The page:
New Program Lets You Exchange Digital Waste to Heat Homeless Shelters

Vi värmer varandra Svensk Fjärrvärme/Video screen capture

There are a lot of creative ways to recycle and reuse energy, and this is (sort of) one of them. A program called "We Warm Each Other" measures your digital trash- files you move into your computer's trash bin- and "converts" it into heating for homeless shelters in Sweden. It's an interesting idea and a nice initiative, but it raises a few questions.

Created by advertising agency TBWA for the Swedish District Heating Association, the program lets uses sign up for a service that calculates how many megabytes of data they "throw away." Then, according to the video below:

The program then recalculates the megabytes from your digital trash can into kilowatt hours of heat. We then give these kilowatt hours that you and other like-minded individuals have generated to Swedish City Missions, which in turn frees up money for them to spend on other pressing needs.

The meaning of the verb "recalculates" here is hard to pin down; perhaps it's lost in translation. But my understanding is that there's no actual link between the Word document I trash and the heat that warms a shelter in Stockholm.

It's an advertising campaign, but I don't think it's greenwashing. It looks like the Swedish District Heating Association is dedicated to reducing carbon emissions; it operates combined heat and power (CHP) plants that capture and use the heat that is a by-product of electricity generation.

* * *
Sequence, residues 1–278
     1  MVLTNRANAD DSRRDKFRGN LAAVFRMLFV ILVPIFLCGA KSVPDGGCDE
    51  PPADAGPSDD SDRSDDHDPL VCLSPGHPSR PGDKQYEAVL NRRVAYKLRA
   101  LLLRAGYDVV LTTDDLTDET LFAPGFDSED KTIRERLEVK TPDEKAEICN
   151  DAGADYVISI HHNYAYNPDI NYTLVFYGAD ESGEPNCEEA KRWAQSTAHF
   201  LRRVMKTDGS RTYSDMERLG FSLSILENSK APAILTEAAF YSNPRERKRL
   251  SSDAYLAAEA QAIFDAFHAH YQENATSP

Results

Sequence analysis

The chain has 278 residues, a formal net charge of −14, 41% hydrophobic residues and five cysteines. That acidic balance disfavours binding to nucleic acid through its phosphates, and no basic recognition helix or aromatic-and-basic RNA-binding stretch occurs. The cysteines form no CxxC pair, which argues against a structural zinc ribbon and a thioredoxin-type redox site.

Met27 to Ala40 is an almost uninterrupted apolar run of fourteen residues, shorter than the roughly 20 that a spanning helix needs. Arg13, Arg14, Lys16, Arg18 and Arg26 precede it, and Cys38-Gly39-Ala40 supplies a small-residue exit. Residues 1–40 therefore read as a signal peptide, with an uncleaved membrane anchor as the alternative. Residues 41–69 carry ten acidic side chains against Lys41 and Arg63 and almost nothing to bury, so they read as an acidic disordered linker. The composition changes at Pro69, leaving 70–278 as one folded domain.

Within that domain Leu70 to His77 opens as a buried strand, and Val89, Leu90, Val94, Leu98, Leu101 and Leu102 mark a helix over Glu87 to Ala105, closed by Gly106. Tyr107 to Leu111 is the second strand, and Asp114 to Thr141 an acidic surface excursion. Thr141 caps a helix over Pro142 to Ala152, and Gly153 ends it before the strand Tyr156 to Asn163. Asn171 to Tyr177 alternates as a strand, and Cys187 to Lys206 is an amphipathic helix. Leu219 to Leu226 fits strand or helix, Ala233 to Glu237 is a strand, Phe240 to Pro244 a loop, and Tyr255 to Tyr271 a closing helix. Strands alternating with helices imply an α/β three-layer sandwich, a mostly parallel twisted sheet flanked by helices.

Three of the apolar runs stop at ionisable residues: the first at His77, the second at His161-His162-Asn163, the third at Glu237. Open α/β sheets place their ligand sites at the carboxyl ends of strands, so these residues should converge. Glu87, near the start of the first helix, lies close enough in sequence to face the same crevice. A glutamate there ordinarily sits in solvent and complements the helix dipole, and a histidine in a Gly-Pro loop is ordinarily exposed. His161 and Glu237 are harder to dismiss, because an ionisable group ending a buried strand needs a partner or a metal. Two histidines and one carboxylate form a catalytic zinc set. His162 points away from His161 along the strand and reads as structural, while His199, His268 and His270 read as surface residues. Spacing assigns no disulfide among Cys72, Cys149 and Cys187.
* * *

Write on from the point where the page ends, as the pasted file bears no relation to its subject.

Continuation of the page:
Besides, it aims to expand how people think about recycling, and should get them interested in how we can use advancing technology to reduce our impact on the planet, and keep warm on winter nights.

Updated: In an e-mail, Tobias Bergenwall of TBWA wrote:

All the items you discard from your computer counts as megabytes. For every Mb district heating of Sweden will donate approximately 0,001 kilowatt-hours to National Association Sweden city missions. Which practically means that they donate "money" to heat their locations.

Tags: Greenwashing | Heating | Sweden

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